Thursday, July 5, 2018

IOC touches new high; Taps solar power to deliver LPG on the 'roof of the world'

INDIAN Oil Corporation (IOC) is tapping solar power to make cooking gas refills available to homesteads and security establishments dotting the cold desert of Ladakh called the ‘roof of the world’ – in J&K.
The Maharatna PSU has switched its LPG (liquefied petroleum gas) bottling plant at Leh, the headquarters of the country’s largest district by area, from diesel generating set to an on-site 100 kw (kilo watt) solar power plant built at cost of over Rs 1 crore.
Essentially a frontier town situated at an elevation of 11,500 feet, Leh has turned into a major tourist attraction during the summer but is not connected...
to the national power grid. State-run utility PowerGrid has established a transmission line for wheeling power from a 45 MW hydel plant at Alchi, about 75 km from Leh, but supply remains patchy.
As the plant needs uninterrupted power all through the year, IOC has been running the plant on generators, burning 45,000 litres of diesel annually. Solar power will help avoid emission and help in air quality management.
The bottling plant is the energy lifeline for lakhs of soldiers and civil population, especially in the long, harsh winter when the two road links remain blocked and temperature often drops to minus 30 degrees centigrade.
During such tough times, IOC keeps home fires burning by supplying refills, estimated at more than 2.5 lakh domestic cylinders of 14.2 Kg. In addition, 2,215 small cylinders of 5 Kg and over 8,000 refills of 19 Kg to commercial establishments are also supplied. The plant gets its annual LPG stock in tanker-trucks in the short summer when the roads are open.
The construction of the solar power plant was hampered by weather when an avalanche blocked a truck carrying vital parts at Zoji La, the gateway to Ladakh from Srinagar in December last year and remained stuck through the icy winter. The parts were moved once the road opened this year and the plant was built in 45 days.
India's biggest refiner has initiated a slew of measures to reduce carbon footprints. The PSU has set a target of running 10,000 retail outlets on solar power.
Earlier, in June 2015, IOC opened a new solar shop in Leh. The shop is located at 11,500 feet from the sea level.The PSU had commissioned the world's highest retail outlet in Leh -Lotus Xangpo memorial filling station -operated by solar power. Besides cutting greenhouse gas emissions, “the solar power generation system enabled the retail outlet to save about Rs 30,000 per month.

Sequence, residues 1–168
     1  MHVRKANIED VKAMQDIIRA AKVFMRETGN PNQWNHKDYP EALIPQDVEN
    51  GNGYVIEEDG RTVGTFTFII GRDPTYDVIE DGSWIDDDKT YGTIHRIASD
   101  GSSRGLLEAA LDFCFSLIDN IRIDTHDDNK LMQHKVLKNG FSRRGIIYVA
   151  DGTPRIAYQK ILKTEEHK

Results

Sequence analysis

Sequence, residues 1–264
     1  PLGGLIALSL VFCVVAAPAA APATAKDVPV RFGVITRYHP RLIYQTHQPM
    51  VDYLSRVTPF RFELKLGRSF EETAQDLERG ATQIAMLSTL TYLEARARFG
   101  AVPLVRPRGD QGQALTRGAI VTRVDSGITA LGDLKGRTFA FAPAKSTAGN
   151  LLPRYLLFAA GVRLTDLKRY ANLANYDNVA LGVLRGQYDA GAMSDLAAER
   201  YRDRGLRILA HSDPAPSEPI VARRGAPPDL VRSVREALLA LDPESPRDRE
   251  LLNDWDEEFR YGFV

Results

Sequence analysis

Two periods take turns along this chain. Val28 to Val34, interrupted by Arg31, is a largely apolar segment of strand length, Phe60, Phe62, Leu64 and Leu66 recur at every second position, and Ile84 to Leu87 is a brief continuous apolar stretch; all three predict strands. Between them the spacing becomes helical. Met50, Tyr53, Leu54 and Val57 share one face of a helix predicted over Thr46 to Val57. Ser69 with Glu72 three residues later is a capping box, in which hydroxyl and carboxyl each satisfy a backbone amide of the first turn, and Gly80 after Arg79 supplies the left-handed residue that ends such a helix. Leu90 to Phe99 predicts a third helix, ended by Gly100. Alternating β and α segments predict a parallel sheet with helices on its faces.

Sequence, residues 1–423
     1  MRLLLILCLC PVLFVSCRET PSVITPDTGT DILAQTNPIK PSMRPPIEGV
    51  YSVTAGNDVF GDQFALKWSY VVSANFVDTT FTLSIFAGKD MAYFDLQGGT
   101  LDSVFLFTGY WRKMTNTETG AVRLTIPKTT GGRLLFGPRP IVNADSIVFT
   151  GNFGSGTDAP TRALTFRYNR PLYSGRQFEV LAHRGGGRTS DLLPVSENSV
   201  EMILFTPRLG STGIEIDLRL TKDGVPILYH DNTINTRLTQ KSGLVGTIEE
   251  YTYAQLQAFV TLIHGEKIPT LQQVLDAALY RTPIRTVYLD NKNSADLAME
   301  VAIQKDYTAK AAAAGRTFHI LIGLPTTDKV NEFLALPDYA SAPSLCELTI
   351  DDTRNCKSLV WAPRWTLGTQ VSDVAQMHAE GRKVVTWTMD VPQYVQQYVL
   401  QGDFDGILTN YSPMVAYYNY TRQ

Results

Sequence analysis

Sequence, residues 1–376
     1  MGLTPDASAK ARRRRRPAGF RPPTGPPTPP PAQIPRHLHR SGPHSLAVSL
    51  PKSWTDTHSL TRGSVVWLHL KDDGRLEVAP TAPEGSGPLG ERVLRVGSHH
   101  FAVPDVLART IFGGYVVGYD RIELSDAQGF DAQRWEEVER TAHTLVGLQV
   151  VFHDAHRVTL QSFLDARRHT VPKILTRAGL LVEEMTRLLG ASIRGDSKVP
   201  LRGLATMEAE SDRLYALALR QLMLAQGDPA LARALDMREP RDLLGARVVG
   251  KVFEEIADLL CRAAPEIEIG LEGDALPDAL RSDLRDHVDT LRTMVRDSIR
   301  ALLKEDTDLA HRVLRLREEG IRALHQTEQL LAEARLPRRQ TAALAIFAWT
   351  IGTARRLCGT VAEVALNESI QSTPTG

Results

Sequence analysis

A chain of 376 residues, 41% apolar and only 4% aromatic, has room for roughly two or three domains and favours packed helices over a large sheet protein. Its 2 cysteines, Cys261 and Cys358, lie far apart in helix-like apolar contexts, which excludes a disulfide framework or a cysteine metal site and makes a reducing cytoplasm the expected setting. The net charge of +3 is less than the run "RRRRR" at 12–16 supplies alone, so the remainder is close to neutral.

The PSU installed a solar power generation system at the petrol pump situated at 11,500 feet above sea level to replace polluting diesel generator.
Besides cutting greenhouse gas emissions, "the solar power generation system enables the retail outlet to save about Rs 30,000 per month.
The investment in the solar power system would be recovered in about 18 months.
IOC already has two other solar-powered retail outlets operating at Choglamsar and the Leh-Manali road in Ladakh region. But both are at a slightly lower altitude than Leh.
These outlets operate under extreme weather conditions, with temperature falling 25 degrees below freezing point during winters and thin oxygen density. But the solar systems function smoothly as the region gets bright sunlight due to dry weather conditions for most part of the year.
The PSU is using solar power to light up its petrol pumps across the country. Till March 31, 1,398 new outlets were solarized, taking the total tally to 2,663.
IOC plans to add another 1,500 petrol pumps and Kisan Seva Kendras in the current financial year and envisions touching 5,000 solar-powered outlets by 2017-18 and 10,000 by 2022.
IOC has 24,405 petrol pumps and 6,230 rural outlets called Kisan Seva Kendras.

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